Well, we're still here on Luzon at this writing but've just finished tearing down our tents and turning in our cots and mosquito bars. This evening we're leaving Camp La Croix by large trucks and travellinng over to Tarlac. There we'll board a train and proceed to the port of San Fernando up on Lingayen Gulf. We'll then board ship sometime to-morrow and the S.S. Sea Corporal is due to hit the states before the 15th of December.

We'll go to Camp Stoneman and may be restricted to same until we head for our separation centers. I'll do my best to get a pass and look you up. I'm scheduled to do go Camp McCoy, Wis. and that's definite. If any hitches develop I won'
t see Xmas at home.

I'm enclosing some articles from the Army newspaper, Daily Pacifican. Please send them on to Ruts and remind him that they might be good re-print material for PM. Believe that paper publishes good articles. Not all of them would be classified, naturally.

Best Regards.
Your brother, Vic

P.S. - No, Max Mueckler is not over here. Believe I told you that he went home back in March on T.D. (furlough). That was just after I'd seen him when I was in the hospital. Anyhow, while home the point system was announced and he was almost immediately discharged. He is now in some sort of soda water manufacturing & distributing business. Believe he sunk all his saving into same along with one or more other guys & is trying to make a go of it on an independent basis.

In his last letter he mentioning having talked to Mike Principe. Don't know whether Mike is out of the Marine Corp yet. Know Bob Hoey was home but don't know whether he's been discharged either. Karl G. quait their shop some time ago and was working in Dept. 27 (boiler works( where the 155 mm shells are made at Case. However, he said he'd quit that place too now that the war was over but didn't say what he intended doing. Bob was home on furlough but I can't say whether he was discharged.

Hope to be seeing you soon!

November 16, 1945

(Letter from Vic in the Philippines to younger brother Paul in Berkeley, California. Photo is of a Philippine volcano.)

Friday morning,

Dear Paul,

Finally obtained several air-mail envelopes. Don't believe the letter I sent you via free mail will arrive for almost a month. Thought perhaps you might not have received same before I hit the West coast.

Today our ship is due in at San Fernando up on the Lingayen Gulf. It's the fast transport "Sea Corporal", and should dock in 'Frisco about 3eighteen days after getting under way from these parts. A good percent of the division will be aboard this ship - parts of the 145 INF., 148 INF., 135 F.A., 136 F.A., 112 MED. BN, M.P. CO, plus the division commander, MAJ. GEN. Brightler. Our battery will load on sometime between tomorrow and Monday. Come Monday the 19th Nov. the Sea Corporal will pull out.

The entire division will have embarked on a number of ships over a period of one week or possibly slightly more. We're not sailing in a convoy. Last nite most of the 148 INF. REG'T. and the 140 F.A. BN. loaded aboard their ship, the Dutch "Veldereden", which will saidl shortly thus being the advance vessel.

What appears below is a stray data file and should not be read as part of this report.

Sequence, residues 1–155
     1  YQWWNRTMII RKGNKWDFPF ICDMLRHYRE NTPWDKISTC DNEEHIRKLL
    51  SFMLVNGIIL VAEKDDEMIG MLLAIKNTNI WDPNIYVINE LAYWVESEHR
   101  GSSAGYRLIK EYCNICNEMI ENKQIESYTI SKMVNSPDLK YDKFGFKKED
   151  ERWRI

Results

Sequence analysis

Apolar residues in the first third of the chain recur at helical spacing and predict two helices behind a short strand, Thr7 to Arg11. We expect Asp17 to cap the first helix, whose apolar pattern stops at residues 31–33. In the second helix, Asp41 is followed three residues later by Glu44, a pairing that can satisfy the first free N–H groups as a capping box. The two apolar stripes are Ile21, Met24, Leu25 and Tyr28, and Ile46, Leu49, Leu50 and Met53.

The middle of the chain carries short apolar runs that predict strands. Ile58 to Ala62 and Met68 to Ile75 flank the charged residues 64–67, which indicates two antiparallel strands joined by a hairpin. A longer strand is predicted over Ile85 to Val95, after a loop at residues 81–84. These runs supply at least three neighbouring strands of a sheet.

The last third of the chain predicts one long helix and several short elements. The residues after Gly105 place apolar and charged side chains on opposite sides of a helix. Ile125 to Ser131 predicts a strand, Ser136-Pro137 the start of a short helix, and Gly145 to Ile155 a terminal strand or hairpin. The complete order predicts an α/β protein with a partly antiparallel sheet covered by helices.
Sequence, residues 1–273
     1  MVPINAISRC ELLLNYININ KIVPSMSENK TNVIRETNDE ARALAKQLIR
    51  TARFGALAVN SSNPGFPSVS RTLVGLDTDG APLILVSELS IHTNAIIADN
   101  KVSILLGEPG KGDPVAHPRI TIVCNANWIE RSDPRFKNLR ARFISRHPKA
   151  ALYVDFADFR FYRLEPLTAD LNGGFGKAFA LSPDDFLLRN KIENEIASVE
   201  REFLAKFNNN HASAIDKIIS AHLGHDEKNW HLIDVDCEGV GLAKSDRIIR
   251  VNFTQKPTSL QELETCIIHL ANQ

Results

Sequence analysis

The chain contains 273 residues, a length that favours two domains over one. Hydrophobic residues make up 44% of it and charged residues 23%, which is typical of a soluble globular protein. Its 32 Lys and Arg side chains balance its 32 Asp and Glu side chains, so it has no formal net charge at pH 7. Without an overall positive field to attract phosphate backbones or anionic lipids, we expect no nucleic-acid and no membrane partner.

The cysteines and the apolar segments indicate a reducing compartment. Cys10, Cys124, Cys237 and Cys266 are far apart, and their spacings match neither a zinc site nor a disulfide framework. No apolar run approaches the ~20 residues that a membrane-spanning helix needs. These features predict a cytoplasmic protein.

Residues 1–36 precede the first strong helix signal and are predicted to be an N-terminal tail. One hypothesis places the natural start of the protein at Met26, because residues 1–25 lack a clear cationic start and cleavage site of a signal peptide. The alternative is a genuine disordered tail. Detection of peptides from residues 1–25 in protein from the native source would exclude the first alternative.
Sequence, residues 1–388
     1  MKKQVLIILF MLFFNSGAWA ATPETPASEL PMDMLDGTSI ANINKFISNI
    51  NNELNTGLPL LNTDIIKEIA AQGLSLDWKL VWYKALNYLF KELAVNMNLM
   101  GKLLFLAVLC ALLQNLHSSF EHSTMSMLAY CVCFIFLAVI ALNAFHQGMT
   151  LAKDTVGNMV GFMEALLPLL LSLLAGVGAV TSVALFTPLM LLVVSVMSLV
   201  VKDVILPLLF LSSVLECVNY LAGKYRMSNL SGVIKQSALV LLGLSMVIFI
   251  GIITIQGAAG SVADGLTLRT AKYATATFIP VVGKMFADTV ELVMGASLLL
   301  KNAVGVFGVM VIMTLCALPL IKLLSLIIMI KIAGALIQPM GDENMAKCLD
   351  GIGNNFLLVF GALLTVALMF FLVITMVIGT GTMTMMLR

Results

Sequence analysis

They have group lists of the personnel going to the various seperation centers throughout the United States which are being flown home so that train schedules will be all completed when we hit 'Frisco. We're to go to Camp Stoneman, and won't be there more than 48 hrs.

I can't get any satisfaction over on this side as regards being promised a pass from Stoneman to look you up. Our brass won't commit themselves, and it's rumored that we'll be confined to Stoneman during our brief stay there.

I'm tentatively scheduled to be on the train-load of us 37th fellows going to Ft. Sheridan. They tried to send me to Camp McCoy where practically all Wis., upper Michigan, & Minnesota personnel will go. They claim Sheridan is overcrowded and handles only Michigan (proper) & Chicago area men. Finally convinced our B.C. that it'd be cheaper to send me to Sheridan because it's so damn close to home, but I may yet wind up at McCoy.

Here's a copy of a letter of appreciation from Gen. Devers that was handed out to all the old vets. Sent it on home to the folks. Haven't seen my letter re-printed in the Mail Bag column of the Daily Pacifican as yet.

Best Regards! Your brother,

Last nite I was up to the "Grass Shack" and saw the U.S.O. troupe put on the show "Hello Chicago" featuring five good-looking Am. Gals and a very good M.C. comedian. Several nites ago we saw the riotous film "Duffy's Tavern."

November 15, 1945

(Letter from Vic in the Philippines to younger brother Paul in Berkeley, California. Photo shows review of American soldiers in Rizal Stadium, Manila.)

Tuesday afternoon,

Dear Paul,

Thanks for your recent letter dated thirty-first October bearing your new address. Meant to reply via air mail yesterday but I've been unable to purchase or borrow any air-mail envelopes. Our mail clerk said that even the div. A.P.O. hasn't had any in stock for some time now.